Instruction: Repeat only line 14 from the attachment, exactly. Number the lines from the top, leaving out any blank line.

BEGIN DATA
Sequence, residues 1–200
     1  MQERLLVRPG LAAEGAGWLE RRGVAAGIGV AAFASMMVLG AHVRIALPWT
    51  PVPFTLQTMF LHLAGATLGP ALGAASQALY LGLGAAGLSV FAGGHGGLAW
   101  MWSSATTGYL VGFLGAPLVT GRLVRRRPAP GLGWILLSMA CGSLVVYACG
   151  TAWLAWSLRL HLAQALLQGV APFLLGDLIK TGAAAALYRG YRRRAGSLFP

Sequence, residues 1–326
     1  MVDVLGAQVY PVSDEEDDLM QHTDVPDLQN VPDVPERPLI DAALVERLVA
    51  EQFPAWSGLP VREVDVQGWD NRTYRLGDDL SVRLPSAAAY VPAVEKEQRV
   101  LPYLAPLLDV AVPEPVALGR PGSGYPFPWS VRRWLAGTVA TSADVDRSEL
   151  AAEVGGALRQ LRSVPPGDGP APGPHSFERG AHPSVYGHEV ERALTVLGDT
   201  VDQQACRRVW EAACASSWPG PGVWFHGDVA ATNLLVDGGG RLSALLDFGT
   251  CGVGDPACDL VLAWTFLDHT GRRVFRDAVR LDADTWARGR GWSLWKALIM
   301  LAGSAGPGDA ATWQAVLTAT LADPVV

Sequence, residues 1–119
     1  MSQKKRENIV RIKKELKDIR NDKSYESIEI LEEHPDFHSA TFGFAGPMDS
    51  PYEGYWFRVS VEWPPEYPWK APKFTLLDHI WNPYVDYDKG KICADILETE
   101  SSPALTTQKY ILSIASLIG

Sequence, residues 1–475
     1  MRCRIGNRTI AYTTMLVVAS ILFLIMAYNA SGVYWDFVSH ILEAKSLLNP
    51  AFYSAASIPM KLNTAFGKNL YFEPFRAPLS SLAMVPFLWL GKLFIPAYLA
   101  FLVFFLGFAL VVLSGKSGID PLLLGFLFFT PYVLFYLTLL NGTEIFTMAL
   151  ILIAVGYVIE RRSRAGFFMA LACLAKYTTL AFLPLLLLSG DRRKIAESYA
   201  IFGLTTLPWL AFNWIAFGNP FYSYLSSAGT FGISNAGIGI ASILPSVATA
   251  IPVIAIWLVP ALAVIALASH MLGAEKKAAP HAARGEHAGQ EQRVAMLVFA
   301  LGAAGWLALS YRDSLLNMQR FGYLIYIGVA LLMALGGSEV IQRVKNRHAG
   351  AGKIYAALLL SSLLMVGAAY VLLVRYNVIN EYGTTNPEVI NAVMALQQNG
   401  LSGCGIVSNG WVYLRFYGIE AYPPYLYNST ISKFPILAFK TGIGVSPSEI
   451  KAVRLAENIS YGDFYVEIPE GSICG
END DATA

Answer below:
Sequence, residues 1–119